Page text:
Pruning Roses in Winter – 3 Easy steps
With so much written about how to prune roses it can become a little confusing at times. Some of the detailed instructions relate to the Northern hemisphere and are to really that applicable to Australia. So lets look at rose pruning basics.
Firstly we are looking at the modern roses, climbing roses and some of the ‘old world’ varieties need to be treated differently.
The main time to prune roses in Australia is in winter when they are dormant, or semi dormant. And this is a factor, in our warmer climate rose do not always go completly dormant in winter.
How to Prune Roses – The Basic Steps
Many gardeners worry that they might damage or kill a rose, mainly due to all of the misinformation, so follow these basic steps for a simple pruning method.
- Remove any dead or damaged wood.
- Prune away any wood that is less than a pencil in thickness
- Prune back the remaining growth by 30% to 50%
You will need to prune back to buds, however try not to fuss about outward facing ones. A few crossover branches will not be a problem.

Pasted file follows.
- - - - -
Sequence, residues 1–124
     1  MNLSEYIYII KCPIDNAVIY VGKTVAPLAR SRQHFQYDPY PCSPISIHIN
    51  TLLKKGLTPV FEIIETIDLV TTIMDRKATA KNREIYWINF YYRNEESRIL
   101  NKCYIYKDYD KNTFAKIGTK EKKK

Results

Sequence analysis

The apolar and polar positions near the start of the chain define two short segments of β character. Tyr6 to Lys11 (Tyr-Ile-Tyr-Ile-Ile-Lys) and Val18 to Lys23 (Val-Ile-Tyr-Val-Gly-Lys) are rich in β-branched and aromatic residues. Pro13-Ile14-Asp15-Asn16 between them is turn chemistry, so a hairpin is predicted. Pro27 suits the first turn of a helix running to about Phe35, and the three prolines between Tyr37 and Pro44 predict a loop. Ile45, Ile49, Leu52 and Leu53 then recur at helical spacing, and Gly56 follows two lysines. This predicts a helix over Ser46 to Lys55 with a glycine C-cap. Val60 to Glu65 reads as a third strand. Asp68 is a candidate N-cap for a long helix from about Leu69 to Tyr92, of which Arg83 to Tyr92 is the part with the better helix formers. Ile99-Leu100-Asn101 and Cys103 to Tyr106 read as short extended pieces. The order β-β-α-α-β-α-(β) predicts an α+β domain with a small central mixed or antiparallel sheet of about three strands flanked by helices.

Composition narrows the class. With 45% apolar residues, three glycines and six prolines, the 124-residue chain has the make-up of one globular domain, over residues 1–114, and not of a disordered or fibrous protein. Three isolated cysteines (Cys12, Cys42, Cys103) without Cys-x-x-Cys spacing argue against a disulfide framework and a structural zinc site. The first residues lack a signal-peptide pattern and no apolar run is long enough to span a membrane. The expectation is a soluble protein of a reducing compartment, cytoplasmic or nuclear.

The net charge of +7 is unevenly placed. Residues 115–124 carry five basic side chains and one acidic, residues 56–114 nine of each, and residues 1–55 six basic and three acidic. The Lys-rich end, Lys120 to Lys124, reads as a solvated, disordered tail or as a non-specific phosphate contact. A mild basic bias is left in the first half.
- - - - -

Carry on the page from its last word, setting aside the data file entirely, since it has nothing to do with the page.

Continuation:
The images below show supplied by Rankins Roses show the process.
- Do not open up the middle of the plant in a vase shape or worry too much about crossing over branches.
- Modern roses are very vigorous and when grown in the correct position and looked after well, willl re-shoot & grow better with plant material left inside the framework than if it is cut out in the vase shape.
How to Prune Old Roses to rejunenate them
- Every 3 to 5 years you may need to prune a little harder
- If your rose bush is looking terribly woody and too many branches, you can prune right back some of the old very thick branches with a saw.
- This will to reduce the excess wood and encourage new water shoots.
Pruning shoots from the understock.
Nearly all modern roses are grafted, and sometines the rose will shoot from below the graft.
Watch for shoots from below the graft, or look for different foliage and even different flowers.
Understocks are usually Dr Hueyor or Multiflora. Dr Hueyor has deep red cluster type flowers while Multiflora has white cluster type flowers.
If you see a water shoot reach around 2 – 3 metres in a week or two weeks it is most likely from below the graft. These need to be pruned right back flush to the stem or roots.